Do Age and Experience Always Go Together? The Example of Indigenous Employment

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Boyd Hunter https://orcid.org/0000-0003-0362-4882
Guyonne Kalb https://orcid.org/0000-0001-6582-8608
Trinh Le

Keywords

measuring employment experience, Indigenous Australians, remote labour market, labour market programs

Abstract

Labour market experience is central to labour economics, however, it can be difficult to measure in cross-sectional surveys for groups who voluntarily or involuntarily spend prolonged periods outside the labour force (e.g. incarceration). This paper uses census data on the age profiles of employment since 1981 to estimate the experience that Indigenous and non-Indigenous populations could be expected to have conditional on their age. This estimate is then compared with survey information on experience to generate an estimate of inconsistency between measured and expected experience. The differential is very small for the non-Indigenous population, but survey estimates for Indigenous people are substantially higher than the relevant population-based estimates. It is possible that this finding reflects the fact that the composition of the Indigenous population has changed over time, differences in recall bias or even selective mortality with persons with a more substantial employment history surviving longer.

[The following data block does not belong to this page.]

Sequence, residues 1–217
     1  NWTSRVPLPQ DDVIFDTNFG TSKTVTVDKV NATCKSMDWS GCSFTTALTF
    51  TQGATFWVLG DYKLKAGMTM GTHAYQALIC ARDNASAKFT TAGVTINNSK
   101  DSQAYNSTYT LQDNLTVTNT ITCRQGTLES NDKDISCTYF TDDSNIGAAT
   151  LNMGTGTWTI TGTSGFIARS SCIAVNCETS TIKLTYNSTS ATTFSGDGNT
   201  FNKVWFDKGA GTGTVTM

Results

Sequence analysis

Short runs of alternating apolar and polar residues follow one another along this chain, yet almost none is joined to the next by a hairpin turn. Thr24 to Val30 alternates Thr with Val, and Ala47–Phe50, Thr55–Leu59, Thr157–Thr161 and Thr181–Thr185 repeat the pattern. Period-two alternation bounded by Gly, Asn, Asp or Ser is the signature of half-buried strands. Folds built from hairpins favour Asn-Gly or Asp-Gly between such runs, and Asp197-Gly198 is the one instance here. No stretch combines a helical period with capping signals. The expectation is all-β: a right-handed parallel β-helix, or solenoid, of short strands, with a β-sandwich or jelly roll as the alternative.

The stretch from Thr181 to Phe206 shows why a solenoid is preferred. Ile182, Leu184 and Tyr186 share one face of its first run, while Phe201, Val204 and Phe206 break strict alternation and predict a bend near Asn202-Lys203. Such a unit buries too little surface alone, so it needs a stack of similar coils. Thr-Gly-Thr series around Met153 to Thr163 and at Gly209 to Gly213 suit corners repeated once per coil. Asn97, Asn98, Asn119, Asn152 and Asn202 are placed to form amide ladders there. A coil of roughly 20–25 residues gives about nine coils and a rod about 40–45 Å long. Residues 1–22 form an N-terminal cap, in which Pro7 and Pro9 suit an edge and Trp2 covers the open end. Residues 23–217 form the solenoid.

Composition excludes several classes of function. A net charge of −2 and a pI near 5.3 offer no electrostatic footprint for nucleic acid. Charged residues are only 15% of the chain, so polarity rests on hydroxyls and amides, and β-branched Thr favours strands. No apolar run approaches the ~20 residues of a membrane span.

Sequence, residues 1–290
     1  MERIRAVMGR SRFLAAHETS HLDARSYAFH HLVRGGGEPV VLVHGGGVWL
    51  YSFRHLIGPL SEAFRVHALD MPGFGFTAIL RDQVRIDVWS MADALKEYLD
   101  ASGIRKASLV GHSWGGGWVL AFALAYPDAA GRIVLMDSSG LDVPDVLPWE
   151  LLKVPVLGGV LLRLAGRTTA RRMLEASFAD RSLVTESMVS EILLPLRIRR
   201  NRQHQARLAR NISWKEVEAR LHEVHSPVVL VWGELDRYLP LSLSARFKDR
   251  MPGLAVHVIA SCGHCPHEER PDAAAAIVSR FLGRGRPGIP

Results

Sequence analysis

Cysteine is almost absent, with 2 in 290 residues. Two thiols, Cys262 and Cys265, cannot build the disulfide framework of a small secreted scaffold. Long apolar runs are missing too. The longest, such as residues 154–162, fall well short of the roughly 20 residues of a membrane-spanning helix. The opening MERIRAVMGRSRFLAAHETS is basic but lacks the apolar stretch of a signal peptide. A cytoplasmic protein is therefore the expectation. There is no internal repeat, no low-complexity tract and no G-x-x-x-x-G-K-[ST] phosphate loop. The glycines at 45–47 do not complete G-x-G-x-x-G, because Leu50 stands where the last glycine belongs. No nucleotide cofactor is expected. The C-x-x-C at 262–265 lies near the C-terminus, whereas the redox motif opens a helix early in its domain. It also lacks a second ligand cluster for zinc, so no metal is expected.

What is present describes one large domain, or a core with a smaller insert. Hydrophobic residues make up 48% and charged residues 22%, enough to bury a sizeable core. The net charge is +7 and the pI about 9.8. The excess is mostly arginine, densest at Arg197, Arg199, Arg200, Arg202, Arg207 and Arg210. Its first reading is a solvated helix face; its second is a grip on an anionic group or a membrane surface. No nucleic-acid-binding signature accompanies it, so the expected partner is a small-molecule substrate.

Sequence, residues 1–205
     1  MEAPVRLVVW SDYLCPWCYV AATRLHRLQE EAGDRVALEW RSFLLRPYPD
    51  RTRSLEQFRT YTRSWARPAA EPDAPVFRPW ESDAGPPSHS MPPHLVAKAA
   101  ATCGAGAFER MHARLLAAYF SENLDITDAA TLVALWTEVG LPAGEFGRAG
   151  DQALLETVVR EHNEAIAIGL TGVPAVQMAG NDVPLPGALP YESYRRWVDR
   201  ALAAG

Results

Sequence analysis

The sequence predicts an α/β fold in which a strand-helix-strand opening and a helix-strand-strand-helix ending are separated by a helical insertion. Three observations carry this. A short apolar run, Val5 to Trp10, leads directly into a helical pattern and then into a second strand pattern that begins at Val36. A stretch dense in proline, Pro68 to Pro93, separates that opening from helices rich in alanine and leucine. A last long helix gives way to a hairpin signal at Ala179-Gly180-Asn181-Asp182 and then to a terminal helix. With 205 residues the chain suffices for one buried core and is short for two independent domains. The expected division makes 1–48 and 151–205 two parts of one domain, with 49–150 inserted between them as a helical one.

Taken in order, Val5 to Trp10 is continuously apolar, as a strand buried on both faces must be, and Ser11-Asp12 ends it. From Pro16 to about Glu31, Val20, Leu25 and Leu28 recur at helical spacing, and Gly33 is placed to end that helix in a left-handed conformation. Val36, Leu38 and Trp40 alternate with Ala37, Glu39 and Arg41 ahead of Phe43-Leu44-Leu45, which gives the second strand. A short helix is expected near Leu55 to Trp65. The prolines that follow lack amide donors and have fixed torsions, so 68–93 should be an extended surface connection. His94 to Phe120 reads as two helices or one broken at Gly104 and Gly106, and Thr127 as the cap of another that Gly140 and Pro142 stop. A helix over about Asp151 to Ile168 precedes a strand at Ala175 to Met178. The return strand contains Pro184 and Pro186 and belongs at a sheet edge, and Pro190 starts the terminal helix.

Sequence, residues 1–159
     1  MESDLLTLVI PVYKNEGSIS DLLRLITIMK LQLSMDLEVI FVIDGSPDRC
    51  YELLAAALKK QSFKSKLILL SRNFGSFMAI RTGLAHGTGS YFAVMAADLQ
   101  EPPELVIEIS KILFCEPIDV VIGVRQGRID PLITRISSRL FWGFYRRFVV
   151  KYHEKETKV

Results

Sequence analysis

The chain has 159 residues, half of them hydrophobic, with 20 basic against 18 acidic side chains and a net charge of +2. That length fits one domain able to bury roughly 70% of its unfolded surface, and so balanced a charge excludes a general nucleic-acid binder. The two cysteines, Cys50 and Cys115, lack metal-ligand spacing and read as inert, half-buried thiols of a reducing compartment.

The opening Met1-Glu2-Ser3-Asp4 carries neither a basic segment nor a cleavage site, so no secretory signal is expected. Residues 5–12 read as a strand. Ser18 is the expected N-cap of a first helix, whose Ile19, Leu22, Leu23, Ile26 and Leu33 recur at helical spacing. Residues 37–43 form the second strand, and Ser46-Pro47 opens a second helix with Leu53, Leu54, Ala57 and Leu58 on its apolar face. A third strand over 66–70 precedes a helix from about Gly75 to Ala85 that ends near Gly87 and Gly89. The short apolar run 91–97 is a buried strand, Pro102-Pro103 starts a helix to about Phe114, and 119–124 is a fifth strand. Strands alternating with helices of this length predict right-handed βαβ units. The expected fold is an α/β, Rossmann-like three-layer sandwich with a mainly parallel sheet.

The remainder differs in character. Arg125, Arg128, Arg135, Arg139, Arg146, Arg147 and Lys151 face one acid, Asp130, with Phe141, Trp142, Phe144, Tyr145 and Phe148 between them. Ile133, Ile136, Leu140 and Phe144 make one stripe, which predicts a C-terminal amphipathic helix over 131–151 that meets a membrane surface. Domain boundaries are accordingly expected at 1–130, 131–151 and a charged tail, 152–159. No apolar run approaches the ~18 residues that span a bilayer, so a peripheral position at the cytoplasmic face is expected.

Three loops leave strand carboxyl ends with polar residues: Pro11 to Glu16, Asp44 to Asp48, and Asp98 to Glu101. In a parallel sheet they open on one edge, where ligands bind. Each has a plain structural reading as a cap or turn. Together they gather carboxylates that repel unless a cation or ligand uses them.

JEL Classification: J15, J21, J78

Abstract 131 | PDF Downloads 23

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